With the election less than a month away, Texas voters continue to push for gubernatorial candidates Gov. Greg Abbott and Robert “Beto” O’Rourke to be open about their position on issues facing the state.

One of these hot topics is the Second Amendment.

In light of the tragic shooting at a Uvalde elementary school earlier this year, Democrats have pressed harder for gun control.

Meanwhile, the majority of Republican voters in Texas believe gun laws should either be made less strict or left as they are currently.

Last year, Abbott signed seven bills into law expanding Second Amendment freedom, including a constitutional carry bill to remove the requirement for adults 21 and up to obtain a license to carry a handgun.

Following the Uvalde shooting, Democrat protestors pushed for the legal age to purchase firearms to be raised from 18 to 21 years old. Abbott has said that doing so would deny Texans a constitutional right and that age is not what constitutes someone’s ability to commit such a horrific act; therefore, lowering the minimum age will not have the effect that gun-control activists claim it will.

“If you’re looking for a real solution, Chicago teaches that what you’re talking about is not a real solution,” Abbott said at a press conference.

On the other hand, Abbott’s opponent Beto O’Rourke has long been a proponent of gun restrictions and control.

In fact, in O’Rourke made his stance on gun control clear in his failed 2020 presidential campaign. “Hell yes, we’re going to take your AR-15, your AK-47,” O’Rourke infamously said during a presidential debate.

He even went as far as to lay out his plan for regulating firearm and ammo purchase during his presidential campaign:

Banks and credit card companies must:


1. Refuse to take part in the sale of assault weapons.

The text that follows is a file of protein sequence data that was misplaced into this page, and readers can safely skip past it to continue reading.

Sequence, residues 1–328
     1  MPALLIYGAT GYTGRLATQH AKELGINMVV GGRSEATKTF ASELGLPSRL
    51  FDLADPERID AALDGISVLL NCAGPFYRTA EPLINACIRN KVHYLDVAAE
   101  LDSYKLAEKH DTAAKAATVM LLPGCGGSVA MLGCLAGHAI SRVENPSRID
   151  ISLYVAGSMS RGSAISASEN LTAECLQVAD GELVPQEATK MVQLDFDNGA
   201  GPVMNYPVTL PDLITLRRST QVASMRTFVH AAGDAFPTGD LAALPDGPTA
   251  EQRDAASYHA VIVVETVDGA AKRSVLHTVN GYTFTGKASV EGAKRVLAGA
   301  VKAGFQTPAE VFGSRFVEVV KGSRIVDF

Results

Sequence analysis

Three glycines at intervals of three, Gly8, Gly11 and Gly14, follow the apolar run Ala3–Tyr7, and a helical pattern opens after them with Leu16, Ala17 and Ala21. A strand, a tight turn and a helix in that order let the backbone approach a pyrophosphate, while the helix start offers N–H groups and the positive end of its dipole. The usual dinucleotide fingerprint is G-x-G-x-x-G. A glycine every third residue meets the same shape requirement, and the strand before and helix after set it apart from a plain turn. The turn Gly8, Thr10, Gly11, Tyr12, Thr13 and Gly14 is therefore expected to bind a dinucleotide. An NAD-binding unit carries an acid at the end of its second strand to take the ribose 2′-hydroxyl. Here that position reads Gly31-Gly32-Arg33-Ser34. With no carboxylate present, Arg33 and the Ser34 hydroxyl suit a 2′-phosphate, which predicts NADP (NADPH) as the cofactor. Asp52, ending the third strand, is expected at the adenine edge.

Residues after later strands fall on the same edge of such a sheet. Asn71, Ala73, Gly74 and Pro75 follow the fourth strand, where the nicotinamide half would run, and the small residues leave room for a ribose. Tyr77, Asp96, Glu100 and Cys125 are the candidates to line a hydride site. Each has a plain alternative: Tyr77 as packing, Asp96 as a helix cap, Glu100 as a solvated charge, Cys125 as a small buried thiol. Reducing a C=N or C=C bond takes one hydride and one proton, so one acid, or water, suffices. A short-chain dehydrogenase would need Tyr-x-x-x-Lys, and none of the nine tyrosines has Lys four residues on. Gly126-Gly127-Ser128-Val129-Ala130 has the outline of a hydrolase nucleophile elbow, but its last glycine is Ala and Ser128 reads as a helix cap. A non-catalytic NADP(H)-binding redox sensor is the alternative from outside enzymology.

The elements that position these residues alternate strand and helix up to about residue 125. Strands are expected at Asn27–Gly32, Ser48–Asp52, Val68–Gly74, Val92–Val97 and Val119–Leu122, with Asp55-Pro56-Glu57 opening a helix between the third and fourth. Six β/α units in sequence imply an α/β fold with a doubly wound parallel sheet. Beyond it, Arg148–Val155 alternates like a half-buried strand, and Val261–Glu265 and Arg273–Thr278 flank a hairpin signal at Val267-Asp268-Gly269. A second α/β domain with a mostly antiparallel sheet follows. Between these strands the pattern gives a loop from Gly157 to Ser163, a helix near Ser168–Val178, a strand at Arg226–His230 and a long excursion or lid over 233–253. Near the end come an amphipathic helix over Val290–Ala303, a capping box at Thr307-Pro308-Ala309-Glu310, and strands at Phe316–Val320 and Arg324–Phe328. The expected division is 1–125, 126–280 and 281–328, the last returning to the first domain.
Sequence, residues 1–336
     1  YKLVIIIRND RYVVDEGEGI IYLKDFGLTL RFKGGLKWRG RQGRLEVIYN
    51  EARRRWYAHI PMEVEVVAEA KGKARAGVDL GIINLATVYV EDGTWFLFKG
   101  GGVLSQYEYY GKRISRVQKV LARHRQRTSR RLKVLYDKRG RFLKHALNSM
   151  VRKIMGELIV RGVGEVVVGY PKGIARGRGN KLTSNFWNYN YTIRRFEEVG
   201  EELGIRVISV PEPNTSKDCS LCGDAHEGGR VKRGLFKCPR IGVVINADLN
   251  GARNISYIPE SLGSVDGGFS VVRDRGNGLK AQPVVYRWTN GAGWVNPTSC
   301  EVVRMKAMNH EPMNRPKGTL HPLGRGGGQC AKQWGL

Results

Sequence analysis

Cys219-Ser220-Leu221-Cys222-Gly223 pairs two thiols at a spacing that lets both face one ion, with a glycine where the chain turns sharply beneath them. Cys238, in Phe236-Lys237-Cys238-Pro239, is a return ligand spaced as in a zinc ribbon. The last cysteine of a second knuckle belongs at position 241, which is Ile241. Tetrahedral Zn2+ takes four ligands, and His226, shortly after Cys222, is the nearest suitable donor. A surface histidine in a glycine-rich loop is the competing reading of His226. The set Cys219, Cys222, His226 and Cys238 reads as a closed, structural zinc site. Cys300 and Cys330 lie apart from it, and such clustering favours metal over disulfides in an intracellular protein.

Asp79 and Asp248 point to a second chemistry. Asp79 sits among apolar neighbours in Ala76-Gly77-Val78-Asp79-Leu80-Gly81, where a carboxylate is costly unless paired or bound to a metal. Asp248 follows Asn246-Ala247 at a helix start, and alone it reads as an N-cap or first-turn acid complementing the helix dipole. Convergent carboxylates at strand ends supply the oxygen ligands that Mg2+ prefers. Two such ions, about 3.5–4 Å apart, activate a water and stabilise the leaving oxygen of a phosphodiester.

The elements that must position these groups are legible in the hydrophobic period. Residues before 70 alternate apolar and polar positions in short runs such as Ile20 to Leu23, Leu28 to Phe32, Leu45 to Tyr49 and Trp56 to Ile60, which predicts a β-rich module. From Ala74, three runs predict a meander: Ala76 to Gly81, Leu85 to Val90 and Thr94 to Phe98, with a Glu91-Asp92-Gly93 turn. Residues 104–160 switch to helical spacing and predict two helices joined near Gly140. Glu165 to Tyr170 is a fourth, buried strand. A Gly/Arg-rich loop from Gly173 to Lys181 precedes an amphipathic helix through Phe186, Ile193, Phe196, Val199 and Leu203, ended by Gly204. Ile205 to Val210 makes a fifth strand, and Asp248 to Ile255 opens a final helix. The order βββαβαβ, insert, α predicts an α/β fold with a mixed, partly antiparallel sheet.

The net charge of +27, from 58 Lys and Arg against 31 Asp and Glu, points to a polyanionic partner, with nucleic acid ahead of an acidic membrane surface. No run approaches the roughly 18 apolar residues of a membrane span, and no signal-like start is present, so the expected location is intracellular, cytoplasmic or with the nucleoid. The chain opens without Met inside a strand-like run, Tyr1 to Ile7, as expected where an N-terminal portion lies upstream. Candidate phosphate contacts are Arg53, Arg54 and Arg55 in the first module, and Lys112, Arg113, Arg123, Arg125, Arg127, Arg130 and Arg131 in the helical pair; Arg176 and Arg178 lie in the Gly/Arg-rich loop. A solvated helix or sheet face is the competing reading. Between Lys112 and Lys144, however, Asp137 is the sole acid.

2. Stop processing transactions for gun sales online & at gun shows without background checks.
3. Stop doing business with gun & ammo manufacturers who produce or sell assault weapons.

However, during his campaign for governor, O’Rourke tried to distance himself from his strong anti-gun stance and attempted to appease the Republican voter masses.

“I’m not interested in taking anything from anyone,” O’Rourke claimed. “What I want to make sure that we do is defend the Second Amendment.”

After the Uvalde shooting, however, O’Rourke backtracked again.

“My position on this is consistent, and I know that not everyone here is gonna agree with me. … I don’t think any civilian should own an AR-15 or AK-47,” said O’Rourke.

Following that statement, O’Rourke tweeted his support for red-flag gun confiscation laws.

In response to O’Rourke’s claim, one citizen challenged him, saying, “Most Texans? I’d like to see that poll, please.”

Earlier this week, O’Rourke attacked Gov. Abbott’s stance on gun violence in a tweet.

The midterm election will take place on November 8.

Soli Rice

A journalist for Texas Scorecard, Soli is a new Texan with a passion for politics. She's excited to hone her writing skills and help spread truth to Texans.